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The Roaring Nineties by Joseph Stiglitz
The Roaring Nineties by Joseph Stiglitz
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In his new book,
The Roaring Nineties
, Professor of Economics, Columbia University, and former World Bank Chief Economist, explains why greed is not good for companies, individuals, or societies. Moreover, if left unchecked, it leads to deceptions, distortions, and disasters. During a recent presentation at the World Bank, Stiglitz described his primary motivations for writing the book as an attempt understand how the seeds were sown for the economic bubble which burst in 2001 and how thinking at the time contributed to the backlash against globalization. In his presentation, he focused on macroeconomic and microeconomic issues that led to the mismanagement of the US economy. He also commented on how economic policies dictating liberalized capital markets and reductions in public expenditures created greater instability in developing countries and eventually bred resentment and distrust of globalization.
Stiglitz began by questioning the basis for the economic recovery that began in the early 1990s. He noted that there are many people who believe that the growth that occurred for much of the decade was facilitated by reducing the US federal budget deficit which in turn allowed interest rates to decline which then resulted in sharp increases in investment and growth. Stiglitz noted that this very argument goes against the fundamentals taught in macroeconomics: that you should institute counter- cyclical policies of increasing both spending and budget deficits to get out of a recession. He explained that believing in the deficit reduction theory gave validity to bad prescriptions for the Argentine and East Asian crises. In both instances, taxes were increased and expenditures were cut. As a result of following this doctrine, these countries economies got worse instead of better.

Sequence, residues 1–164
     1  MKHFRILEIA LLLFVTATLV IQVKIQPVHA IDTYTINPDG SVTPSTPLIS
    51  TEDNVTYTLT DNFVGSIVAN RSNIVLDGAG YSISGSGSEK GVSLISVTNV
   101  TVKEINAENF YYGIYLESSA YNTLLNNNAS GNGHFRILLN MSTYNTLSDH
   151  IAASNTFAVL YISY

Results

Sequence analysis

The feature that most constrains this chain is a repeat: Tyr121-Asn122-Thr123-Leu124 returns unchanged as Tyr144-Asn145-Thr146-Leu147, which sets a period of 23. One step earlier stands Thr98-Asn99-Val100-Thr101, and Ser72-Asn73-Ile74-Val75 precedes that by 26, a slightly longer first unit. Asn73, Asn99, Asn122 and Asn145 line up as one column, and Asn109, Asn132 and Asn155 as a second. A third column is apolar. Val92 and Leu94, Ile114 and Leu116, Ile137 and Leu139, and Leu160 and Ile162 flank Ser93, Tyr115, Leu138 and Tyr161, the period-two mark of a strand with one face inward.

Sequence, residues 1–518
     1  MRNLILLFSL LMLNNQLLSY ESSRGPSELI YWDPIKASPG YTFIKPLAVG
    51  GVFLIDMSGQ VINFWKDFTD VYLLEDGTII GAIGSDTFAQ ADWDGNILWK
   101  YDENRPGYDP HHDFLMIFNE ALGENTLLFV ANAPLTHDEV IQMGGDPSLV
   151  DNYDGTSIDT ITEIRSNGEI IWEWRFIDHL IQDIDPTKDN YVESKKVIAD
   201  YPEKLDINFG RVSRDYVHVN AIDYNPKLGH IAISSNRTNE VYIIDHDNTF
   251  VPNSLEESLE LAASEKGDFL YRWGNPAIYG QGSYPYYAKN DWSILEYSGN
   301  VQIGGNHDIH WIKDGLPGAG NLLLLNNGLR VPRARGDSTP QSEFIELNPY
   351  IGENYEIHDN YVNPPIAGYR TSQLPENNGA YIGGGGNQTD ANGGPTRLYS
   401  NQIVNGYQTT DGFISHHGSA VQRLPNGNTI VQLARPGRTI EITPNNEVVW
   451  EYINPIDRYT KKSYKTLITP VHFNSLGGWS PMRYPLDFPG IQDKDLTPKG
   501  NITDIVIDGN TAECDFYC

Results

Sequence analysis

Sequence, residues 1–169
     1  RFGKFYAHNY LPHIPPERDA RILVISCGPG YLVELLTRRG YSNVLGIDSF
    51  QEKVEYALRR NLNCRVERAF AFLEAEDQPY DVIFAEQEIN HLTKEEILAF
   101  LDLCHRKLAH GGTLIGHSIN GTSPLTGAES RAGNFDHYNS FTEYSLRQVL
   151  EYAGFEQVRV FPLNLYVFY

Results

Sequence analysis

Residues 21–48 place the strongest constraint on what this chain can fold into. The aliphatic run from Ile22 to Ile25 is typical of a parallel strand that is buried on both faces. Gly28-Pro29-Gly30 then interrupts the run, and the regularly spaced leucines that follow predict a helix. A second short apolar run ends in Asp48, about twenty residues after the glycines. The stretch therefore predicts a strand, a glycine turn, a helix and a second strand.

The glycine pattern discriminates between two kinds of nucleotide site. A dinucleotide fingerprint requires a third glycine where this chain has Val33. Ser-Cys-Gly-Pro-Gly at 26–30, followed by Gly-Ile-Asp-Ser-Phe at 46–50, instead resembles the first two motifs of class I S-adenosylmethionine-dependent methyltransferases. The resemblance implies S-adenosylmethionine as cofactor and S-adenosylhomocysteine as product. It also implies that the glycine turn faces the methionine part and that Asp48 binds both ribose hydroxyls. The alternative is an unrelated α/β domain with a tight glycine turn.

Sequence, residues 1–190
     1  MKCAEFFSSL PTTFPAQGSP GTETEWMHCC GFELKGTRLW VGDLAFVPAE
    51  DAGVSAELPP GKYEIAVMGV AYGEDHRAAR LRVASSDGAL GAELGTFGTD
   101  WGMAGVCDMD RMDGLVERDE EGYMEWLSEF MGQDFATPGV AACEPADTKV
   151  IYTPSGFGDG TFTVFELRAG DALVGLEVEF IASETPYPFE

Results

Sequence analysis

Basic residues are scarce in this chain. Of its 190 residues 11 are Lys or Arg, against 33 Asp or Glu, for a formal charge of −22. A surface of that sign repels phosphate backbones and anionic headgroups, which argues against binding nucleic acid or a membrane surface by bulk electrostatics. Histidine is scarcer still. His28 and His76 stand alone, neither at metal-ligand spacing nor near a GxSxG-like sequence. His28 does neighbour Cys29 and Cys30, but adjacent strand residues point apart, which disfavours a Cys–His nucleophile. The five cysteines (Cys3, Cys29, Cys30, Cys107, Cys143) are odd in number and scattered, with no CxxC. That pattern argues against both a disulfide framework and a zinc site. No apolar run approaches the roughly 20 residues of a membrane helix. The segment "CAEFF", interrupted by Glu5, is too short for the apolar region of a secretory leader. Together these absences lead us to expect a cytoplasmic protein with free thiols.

Furthermore, Stiglitz noted that there is no evidence that the Federal Reserve can lower interest rates only when the budget deficit is low. To understand what really happened, Stiglitz said one must understand what precipitated the initial economic downturn. He explained that the economic downturn of the early 1990s was partially due to banks shifting from lending to buying long-term government bonds. He noted that much of the move towards bonds was based on bad information. As a result, long-term bonds were considered safe investments although their prices were quite volatile. When banks shifted away from lending, it was more difficult for businesses to expand and this hurt the economy.
Stiglitz stated that a more plausible reason for the improving economy was that as the budget deficit was reduced and long-term interest rates fell, the price of these long-term bonds went up. As a result, the banking system was re-capitalized, alleviating the credit crunch, and allowed banks to start lending again. He then noted that this scenario is unlikely to be repeated in most countries because the problems in the US stemmed from a bad regulatory environment and bad information that would not necessarily exist in other countries. Therefore, the standard medicine for dealing with recession should remain increasing deficits rather than reducing them.
Afterward, Stiglitz commented more on the effects of bad information which led to the growth of the economic bubble and what Federal Reserve Chairman Alan Greenspan termed the "irrational exuberance" of the 1990s. He noted that the Federal Reserve was attempting to use one instrument (raising interest rates) to achieve two objectives: contain inflation and slowly deflate the economic bubble. He stated that microeconomic instruments such as increasing margin requirements (similar to increasing down payments in real estate) could have helped, but were not utilized perhaps because the Federal Reserve does not like to use micro-instruments because of their perceived interference with efficient resource allocation in the economy.